Angry Workers Group
Mutinies can Stop U.S. Wars
From a leaflet by the Angry Workers Group, 2000 Center St., No. 1200, Berkeley CA 94704, which was passed out during Fleet Week in San Francisco, October, 1985.
The past few years have seen a wholesale rewriting of the history of American involvement in Vietnam. From the official government versions of the events to extremely violent television shows and movies like “The Deer Hunter” and “Rambo,” the people who rule us are attempting to glamorize the slaughter of the Indochinese Wars as a prelude to the next war. It might be in the Philippines or Southern Africa, Central America or Korea. It might be fought on five or ten fronts simultaneously with the Soviet Union. Or maybe they’ll send us off to massacre the populations of Spain or Italy or Britain in the suppression of a revolutionary civil war in Western Europe.
The pressures of the worldwide economic crisis are pushing the rulers of the United States towards war. And the corporate executives, politicians and bureaucrats who will profit most from a war are preparing us by a reproduction of extremely nationalistic values and hatred of people from other parts of the world, pushing everything from Saturday morning cartoons and toys for children that glamorize nuclear war and bacteriological weapons to the camouflage clothing that became fashionable shortly after the Iranian Hostage crisis of 1979 through 1980. The rulers of Russia are using similar propaganda tactics to get the Soviet working class lined up to fight and die for their bosses.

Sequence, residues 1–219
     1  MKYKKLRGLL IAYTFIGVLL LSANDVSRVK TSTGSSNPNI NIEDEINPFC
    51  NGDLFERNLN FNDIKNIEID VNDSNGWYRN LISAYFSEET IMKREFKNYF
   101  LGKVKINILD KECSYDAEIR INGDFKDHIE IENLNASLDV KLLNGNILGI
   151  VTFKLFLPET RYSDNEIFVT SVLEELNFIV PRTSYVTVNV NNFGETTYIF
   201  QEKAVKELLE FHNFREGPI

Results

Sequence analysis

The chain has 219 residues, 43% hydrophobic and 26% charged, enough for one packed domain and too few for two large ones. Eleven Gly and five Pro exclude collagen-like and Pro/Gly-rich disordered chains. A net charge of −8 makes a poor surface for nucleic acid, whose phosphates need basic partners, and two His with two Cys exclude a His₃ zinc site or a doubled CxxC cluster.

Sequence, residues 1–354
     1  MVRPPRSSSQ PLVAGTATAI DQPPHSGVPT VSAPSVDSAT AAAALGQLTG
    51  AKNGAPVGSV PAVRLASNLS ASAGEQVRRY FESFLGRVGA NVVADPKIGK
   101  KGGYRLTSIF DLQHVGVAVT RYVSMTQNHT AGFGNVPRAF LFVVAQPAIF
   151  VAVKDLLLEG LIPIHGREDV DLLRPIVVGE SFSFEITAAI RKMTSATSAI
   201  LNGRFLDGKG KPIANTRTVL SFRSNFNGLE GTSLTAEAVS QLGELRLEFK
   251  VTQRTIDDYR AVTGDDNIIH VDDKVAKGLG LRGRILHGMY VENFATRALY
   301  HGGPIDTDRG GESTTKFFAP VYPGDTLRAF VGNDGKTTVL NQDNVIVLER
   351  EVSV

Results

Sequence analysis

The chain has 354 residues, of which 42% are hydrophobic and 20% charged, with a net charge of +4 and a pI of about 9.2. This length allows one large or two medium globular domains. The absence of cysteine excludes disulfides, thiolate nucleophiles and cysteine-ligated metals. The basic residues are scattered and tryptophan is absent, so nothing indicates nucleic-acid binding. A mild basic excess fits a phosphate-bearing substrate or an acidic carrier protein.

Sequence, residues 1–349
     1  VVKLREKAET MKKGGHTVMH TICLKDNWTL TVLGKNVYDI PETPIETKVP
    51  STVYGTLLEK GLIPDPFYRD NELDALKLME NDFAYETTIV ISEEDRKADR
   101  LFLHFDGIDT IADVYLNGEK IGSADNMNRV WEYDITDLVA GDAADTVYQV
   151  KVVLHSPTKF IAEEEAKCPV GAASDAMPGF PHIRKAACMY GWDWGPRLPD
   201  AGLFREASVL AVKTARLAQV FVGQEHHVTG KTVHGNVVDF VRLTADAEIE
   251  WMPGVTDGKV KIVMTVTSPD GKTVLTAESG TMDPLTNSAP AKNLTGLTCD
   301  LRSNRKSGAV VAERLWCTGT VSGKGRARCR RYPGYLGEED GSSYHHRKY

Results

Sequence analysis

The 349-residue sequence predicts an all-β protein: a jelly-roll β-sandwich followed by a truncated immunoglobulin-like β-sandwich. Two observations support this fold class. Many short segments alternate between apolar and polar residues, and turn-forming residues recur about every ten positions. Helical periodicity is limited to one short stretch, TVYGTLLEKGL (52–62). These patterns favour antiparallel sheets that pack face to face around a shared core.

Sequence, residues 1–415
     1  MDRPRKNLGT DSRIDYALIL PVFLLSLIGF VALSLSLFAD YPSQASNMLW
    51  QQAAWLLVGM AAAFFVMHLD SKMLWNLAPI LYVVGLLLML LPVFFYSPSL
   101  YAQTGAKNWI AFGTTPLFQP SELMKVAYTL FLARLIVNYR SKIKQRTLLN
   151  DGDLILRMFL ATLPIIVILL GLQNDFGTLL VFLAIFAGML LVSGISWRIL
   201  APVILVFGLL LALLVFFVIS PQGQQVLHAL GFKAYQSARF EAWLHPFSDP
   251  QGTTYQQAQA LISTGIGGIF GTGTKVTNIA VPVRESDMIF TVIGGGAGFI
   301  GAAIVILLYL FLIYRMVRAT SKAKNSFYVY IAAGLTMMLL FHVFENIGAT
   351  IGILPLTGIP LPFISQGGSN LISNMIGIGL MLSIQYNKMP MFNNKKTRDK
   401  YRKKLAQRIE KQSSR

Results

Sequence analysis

The ruling circles of the United States are preparing for a big war. A war for which they hope that the people in the Army and the Navy and the kids they’ll draft will quietly and unquestioningly work, kill and die. And a part of their reason for wanting us to forget what really happened in Vietnam is so we’ll forget what defeated their war efforts—and the importance of the resistance of the enlisted men and women against the war effort.
Soldiers in Revolt—“Seasick Sailors”
The first major symptoms in Vietnam of the breakdown of respect for authority in the military emerged among the ground troops of the Army and the Marine Corps. For soldiers in the combat zone, a radical opposition to the war became an important part of avoiding horrible injury or death. From the more mild forms of political protest and disobedience of war orders the resistance among the ground troops grew into a massive and widespread “quasi-mutiny” by 1970 and 1971.
Soldiers would go on “search and avoid” missions, intentionally skirting clashes with the Vietnamese and often holding three-day-long pot parties instead of fighting. Commanders would be threatened with “fraggings”(fragmentation grenades), forcing them to worry more about their own troops than about the “enemy.” War equipment would be sabotaged and destroyed. By 1972 roughly three hundred anti-war and anti-military newspapers, with names like Harass the Brass, All Hands Abandon Ship and Star-Spangled Bummer had been put out by enlisted people. Riots and anti-war demonstrations broke out on bases in Asia, Europe and in the United States. By the early 1970s the government had to begin pulling out of the ground war and switching to an “air war,” largely because the ground troops who were supposed to do the fighting were paralyzing the world’s mightiest military force by their sabotage and resistance.